The reality of how one encounters, selects, and even discusses eBooks need not resemble Krauss’s caricature. Krauss likens the eBook marketplace to the Internet writ large, “an unfathomable multitude… [that will] almost always deliver to the user the bits that feed her already-held interests and confirm her already-held beliefs.”

The future of reading?
Krauss’s point here is that if one buys Rush Limbaugh’s The Way Things Ought to Be, Amazon will suggest you might want to try something from Glenn Beck but not Jon Stewart. As a result, you, the poor, unguided reader, will be doomed to a life philosophy informed by The Christmas Sweater.

Tosh! The eBook marketplace puts more tools in the hands of more readers to discover more good books. Readers of intellectual curiosity will use these tools to search out and engage with challenging texts. Readers who lack that curiosity will not, whether online or at Left Bank Books.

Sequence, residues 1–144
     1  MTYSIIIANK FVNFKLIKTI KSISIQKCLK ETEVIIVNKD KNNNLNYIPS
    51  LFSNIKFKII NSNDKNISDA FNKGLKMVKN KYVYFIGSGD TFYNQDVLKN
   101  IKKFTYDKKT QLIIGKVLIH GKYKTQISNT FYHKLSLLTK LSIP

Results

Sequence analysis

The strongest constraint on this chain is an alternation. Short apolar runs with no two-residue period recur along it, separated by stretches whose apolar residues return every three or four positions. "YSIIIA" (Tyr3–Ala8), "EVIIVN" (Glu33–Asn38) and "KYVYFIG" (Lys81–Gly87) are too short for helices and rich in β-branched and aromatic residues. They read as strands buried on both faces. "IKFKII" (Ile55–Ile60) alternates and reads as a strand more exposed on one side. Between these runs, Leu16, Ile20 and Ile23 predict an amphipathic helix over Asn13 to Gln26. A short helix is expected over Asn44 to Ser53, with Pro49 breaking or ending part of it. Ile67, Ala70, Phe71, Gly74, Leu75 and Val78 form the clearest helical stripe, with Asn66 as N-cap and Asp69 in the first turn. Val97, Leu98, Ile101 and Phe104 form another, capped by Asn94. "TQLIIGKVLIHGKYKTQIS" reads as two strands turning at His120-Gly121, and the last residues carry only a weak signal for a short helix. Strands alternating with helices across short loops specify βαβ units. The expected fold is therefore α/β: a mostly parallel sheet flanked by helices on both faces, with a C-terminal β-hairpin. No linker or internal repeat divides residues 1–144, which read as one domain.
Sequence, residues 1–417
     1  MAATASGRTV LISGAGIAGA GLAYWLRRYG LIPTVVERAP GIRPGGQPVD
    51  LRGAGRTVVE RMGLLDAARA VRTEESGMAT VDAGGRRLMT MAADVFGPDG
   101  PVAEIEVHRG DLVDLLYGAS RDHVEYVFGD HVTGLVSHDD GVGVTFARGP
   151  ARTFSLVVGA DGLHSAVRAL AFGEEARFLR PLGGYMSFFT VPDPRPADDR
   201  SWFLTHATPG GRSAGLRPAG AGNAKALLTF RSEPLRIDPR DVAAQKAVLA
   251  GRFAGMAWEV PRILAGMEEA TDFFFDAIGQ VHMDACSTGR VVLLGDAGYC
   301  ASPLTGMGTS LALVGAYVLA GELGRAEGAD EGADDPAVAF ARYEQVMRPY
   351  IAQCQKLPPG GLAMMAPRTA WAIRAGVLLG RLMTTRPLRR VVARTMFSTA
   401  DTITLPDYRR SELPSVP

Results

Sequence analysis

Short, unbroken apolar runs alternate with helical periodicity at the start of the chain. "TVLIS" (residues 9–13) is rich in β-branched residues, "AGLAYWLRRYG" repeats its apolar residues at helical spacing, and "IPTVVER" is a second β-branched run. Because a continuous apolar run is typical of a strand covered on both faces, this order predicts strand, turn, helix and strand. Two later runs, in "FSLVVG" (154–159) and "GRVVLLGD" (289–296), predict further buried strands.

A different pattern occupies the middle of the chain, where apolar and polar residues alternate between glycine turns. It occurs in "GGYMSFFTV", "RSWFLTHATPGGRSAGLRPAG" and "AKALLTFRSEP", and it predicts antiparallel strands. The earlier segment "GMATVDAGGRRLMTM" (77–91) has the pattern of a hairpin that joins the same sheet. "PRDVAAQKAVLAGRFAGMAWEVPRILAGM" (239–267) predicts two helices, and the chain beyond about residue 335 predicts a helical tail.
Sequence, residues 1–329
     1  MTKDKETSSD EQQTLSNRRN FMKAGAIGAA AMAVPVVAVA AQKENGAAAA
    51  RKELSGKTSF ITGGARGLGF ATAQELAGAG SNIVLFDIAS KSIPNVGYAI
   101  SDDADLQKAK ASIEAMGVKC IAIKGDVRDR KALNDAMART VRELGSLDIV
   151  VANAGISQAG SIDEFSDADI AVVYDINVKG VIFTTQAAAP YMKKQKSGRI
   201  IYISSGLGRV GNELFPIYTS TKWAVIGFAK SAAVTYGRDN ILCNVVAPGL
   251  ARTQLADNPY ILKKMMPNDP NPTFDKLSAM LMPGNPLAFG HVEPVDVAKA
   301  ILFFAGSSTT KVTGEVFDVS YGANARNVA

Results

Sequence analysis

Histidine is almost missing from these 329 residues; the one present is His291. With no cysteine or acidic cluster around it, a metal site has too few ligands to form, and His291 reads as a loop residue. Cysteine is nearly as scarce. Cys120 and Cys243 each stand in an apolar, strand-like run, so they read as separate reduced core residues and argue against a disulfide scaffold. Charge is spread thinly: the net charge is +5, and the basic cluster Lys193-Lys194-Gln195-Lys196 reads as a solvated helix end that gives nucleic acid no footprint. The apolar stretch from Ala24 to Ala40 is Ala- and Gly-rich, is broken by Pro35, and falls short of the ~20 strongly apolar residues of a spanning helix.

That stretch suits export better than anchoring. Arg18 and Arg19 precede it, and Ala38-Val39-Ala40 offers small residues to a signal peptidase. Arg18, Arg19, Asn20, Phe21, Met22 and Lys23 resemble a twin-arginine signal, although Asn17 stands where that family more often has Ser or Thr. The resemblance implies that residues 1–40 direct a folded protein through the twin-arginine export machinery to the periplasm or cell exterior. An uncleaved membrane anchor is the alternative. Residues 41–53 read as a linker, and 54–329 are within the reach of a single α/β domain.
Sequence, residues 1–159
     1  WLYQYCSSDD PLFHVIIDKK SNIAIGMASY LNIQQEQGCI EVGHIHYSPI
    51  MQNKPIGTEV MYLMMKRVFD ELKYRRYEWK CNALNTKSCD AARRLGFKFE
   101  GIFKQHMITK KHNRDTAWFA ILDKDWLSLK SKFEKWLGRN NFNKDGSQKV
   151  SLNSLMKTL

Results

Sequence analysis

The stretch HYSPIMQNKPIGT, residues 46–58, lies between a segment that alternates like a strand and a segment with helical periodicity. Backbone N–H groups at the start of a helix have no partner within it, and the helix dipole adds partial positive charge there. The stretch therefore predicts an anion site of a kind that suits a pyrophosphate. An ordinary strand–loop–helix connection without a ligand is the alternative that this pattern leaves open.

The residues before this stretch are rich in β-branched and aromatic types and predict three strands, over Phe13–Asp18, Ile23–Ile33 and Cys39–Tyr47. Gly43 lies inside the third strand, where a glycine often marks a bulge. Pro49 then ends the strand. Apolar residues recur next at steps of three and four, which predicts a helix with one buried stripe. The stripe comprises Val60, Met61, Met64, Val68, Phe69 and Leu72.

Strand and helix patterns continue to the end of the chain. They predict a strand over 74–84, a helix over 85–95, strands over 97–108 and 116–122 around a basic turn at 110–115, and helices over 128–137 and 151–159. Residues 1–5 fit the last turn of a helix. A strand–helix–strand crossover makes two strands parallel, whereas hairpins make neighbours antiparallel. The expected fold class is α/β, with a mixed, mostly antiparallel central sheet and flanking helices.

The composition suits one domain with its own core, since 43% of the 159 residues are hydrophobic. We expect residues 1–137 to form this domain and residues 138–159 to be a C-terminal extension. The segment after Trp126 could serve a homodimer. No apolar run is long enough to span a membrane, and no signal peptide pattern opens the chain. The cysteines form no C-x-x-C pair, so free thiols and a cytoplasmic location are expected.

Krauss ignores several aspects of how print and e-marketplace can work together. Periodicals like The New York Review of Books, Book Forum, and yes, The New Republic feature page after page of book review essays and advertisements for serious new releases. (Check my blog roll for TNR’s daily book review service). Within a minute, one can purchase—or sample the first chapter for free!—nearly any new release, including scholarly university-press tomes. No bus required. No “we can special order it for you in 1-3 weeks.” No snide, underemployed NYU grad informing you that Slavoj Žižek is an important thinker.
Amazon and to a lesser extent other eBook retailers offer surprisingly robust online discussions of the books they sell. In my experience the quality can be decent, comparing favorably to the conspiratorial worldview of the slightly dotty near-centenarian who offered me a liverwurst sandwich on the Willowbrook bus so very long ago. I invite you to read my Amazon reviews of books about Alger Hiss and the Weimar Republic.

More on Krauss’s essay in a future post.

PS‒ I can’t link to Krauss’s text because TNR keeps its print content behind a paywall. But I note in passing that you can’t buy The New Republic at B. Dalton but can subscribe on your Kindle.

Facebook Matchup I

Superbowl MVP trounces Latin literary giant, 10:1.